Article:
here. Because this way when the
temperature of the environment around our thermistor is low, when itβs cold around
our thermistor, this results in a large value of π two, a large potential
difference across a heating element, which will be connected here. And therefore, the heating element
will have a current through it and start heating up the environment, whereas if the
environment is hot around our thermistor, then the value of π two will be
small. And so our heating element will not
actually heat up the environment.

So a potential divider circuit is
essentially acting as a very primitive thermostat. It detects the temperature in its
environment by using a thermistor and switches on or off a heating element connected
here accordingly. Now, real thermostats are much more
complicated than this. But still, we can use a thermistor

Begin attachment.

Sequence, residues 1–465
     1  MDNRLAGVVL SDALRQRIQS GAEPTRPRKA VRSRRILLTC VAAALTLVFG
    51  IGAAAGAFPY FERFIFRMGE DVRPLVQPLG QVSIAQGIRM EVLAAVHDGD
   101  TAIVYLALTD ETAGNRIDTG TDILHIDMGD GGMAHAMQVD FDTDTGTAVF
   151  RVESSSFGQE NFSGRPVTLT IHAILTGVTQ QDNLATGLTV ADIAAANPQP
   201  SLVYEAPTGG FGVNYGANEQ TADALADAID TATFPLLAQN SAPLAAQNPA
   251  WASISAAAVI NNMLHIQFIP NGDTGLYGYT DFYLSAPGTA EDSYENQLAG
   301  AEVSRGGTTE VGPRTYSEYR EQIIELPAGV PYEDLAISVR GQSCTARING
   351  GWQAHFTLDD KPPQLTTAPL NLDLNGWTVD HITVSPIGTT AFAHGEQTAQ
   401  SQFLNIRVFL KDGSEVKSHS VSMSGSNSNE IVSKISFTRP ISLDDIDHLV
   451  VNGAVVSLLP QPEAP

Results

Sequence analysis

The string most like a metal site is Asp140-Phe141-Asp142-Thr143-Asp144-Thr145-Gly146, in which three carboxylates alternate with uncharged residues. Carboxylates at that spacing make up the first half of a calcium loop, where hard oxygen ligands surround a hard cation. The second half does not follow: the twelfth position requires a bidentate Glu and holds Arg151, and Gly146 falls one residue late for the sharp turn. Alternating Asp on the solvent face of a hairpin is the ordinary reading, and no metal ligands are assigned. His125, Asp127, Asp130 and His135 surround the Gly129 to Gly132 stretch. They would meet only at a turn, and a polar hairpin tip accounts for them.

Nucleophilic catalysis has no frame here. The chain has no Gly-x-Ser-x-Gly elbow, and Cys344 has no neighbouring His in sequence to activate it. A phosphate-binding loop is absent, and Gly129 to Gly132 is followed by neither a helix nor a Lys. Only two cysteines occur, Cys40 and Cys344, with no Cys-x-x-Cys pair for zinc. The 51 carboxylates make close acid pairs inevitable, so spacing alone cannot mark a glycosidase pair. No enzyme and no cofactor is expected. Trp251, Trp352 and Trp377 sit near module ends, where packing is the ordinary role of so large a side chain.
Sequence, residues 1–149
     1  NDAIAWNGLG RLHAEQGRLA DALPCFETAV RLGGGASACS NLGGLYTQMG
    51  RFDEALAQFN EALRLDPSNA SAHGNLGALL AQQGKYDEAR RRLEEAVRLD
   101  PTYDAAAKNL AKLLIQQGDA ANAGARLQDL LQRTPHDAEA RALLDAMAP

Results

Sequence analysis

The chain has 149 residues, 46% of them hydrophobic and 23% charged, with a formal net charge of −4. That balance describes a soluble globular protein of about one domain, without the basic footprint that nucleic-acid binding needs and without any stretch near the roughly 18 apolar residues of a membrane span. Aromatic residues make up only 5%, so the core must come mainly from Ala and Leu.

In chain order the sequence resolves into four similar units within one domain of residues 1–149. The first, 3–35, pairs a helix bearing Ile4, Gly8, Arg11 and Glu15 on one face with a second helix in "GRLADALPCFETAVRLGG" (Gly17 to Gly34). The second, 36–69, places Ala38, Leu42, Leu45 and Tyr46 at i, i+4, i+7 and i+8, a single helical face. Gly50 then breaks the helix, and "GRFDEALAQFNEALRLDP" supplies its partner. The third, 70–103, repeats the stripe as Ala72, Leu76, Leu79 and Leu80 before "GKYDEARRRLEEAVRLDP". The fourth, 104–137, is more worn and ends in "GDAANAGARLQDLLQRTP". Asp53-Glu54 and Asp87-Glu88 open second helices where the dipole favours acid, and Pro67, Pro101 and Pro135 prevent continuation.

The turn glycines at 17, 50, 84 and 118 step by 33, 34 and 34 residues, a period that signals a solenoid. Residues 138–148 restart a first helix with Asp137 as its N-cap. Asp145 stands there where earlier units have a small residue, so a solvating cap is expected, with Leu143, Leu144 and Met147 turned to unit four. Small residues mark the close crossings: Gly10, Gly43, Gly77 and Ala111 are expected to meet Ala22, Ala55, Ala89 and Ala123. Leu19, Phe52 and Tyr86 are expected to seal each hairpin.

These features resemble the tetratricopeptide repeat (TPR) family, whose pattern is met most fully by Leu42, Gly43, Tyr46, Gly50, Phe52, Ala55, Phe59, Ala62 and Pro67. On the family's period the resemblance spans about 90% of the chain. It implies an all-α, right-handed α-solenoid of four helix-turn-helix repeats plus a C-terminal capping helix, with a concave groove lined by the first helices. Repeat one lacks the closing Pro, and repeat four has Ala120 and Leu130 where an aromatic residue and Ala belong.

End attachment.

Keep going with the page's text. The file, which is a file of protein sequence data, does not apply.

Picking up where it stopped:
in a temperature-dependent circuit. And in this case, itβs specifically
a potential divider circuit.

Another practical use for a
potential divider circuit is instead of using a thermistor here, we could use whatβs
known as a light-dependent resistor or LDR. Now, an LDR displays similar
behavior to the thermistor we discussed earlier, except that it depends on the
intensity of light falling on it rather than the temperature of the surrounding
environment. We can even plot a similar graph
showing how the resistance of the LDR changes. But on the horizontal axis, weβd
have to plot light intensity rather than temperature.

And so what we find here is that
when the light intensity falling on our LDR is low, in other words, when the
surroundings of the LDR are dark, the resistance of this particular LDR, π
two, is